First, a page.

Improve The Landscape Around Your Home

If the grass is long and looks messy, then it says the occupiers do not care. The house is probably messy too and the owners may have a hard time selling their property. So, look after your lawn and keep it green and if the property is maintained and then it may even gain in value over a period of time.

When the time comes to placing your property on the market, you may be in for a surprise at the selling price.

Lawn Care Guide to Getting Healthy Green Lawn

What kind of Grass is it?

One of the first things you’ll need to learn about is the grass type in your yard. Knowing grass type is important because it affects what kind of fertilizer to use, what length to mow, and what kinds of pesticides will be effective. Grass-type is usually determined by the region in which you live.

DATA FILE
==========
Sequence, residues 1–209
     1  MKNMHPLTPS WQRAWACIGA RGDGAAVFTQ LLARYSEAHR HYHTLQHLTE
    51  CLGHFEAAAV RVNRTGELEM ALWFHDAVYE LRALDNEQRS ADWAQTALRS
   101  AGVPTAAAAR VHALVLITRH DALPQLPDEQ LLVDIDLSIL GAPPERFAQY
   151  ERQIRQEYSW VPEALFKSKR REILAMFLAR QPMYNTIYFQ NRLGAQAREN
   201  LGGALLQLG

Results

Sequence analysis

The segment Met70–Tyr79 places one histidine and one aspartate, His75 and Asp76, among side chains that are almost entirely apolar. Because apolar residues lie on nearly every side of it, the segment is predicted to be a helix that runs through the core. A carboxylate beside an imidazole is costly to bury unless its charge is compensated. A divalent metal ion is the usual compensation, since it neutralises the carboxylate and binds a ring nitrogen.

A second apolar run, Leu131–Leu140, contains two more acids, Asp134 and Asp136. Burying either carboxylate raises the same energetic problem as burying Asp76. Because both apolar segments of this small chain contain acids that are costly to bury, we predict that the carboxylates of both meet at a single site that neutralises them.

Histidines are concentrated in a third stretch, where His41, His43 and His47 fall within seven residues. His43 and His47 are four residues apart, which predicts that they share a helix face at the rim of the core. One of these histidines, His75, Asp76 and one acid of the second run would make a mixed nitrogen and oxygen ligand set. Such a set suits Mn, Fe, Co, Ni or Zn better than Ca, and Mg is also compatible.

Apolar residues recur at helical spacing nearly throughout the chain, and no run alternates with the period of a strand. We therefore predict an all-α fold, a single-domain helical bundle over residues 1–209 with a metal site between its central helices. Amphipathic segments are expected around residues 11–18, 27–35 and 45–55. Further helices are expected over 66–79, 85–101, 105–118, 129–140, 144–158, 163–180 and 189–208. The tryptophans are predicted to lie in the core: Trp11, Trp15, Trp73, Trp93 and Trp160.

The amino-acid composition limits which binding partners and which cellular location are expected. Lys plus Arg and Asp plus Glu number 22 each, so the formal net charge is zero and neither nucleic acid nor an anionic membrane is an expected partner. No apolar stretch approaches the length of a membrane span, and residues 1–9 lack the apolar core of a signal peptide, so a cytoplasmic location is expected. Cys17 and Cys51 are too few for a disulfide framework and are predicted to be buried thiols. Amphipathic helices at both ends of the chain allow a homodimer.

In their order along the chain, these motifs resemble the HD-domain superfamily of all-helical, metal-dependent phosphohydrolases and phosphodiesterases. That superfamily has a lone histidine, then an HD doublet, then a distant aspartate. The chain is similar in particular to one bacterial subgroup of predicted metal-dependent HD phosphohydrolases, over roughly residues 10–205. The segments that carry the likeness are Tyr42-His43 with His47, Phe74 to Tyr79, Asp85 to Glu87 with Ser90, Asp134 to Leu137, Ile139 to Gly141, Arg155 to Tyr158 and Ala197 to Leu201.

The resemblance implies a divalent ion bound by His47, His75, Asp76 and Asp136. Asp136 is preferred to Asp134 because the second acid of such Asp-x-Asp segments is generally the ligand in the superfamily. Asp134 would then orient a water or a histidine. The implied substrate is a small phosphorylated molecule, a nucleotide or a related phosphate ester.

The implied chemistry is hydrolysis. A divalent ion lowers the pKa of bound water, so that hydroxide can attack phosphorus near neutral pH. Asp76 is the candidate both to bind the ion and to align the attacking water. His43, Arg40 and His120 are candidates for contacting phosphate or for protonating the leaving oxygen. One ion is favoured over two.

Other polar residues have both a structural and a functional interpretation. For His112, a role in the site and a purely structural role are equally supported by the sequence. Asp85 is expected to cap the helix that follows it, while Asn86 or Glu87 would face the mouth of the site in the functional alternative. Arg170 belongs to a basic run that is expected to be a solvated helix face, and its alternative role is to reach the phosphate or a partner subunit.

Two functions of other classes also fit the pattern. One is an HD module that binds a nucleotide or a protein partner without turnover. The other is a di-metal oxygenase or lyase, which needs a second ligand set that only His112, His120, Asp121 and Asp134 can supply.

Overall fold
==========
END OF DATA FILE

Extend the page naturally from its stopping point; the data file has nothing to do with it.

If you live in a cool-season region, for example, which includes Northern California and any state north of Virginia, you may have Kentucky bluegrass, ryegrass, or fescue. Hot summer grasses include Bermuda grass, centipede, St. Augustine, and zoysia. Refer to a source such as Scotts Lawn to help you find out grass type. If you are still having trouble identifying your grass type, you can bring a sample to a local hardware store or talk to your neighbors.

Starting from Scratch

If you are starting a lawn from seed, there are a number of questions you’ll need to ask yourself before you choose a grass type. Since all regions of the country allow for more than one grass type, you do have a say in the matter. Consider the following:

  • Not all grasses look the same. They vary in color, leaf width, and general appearance. What do you want your lawn to look like?